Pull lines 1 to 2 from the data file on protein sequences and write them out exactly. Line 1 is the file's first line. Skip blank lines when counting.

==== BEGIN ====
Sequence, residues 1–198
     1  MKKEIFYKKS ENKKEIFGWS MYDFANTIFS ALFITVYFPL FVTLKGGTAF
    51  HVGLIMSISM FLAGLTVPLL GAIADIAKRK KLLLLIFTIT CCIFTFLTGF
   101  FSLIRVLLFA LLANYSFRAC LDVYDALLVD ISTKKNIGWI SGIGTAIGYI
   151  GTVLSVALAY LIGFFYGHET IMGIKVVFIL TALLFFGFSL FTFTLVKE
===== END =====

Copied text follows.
Sequence, residues 1–198
     1  MKKEIFYKKS ENKKEIFGWS MYDFANTIFS ALFITVYFPL FVTLKGGTAF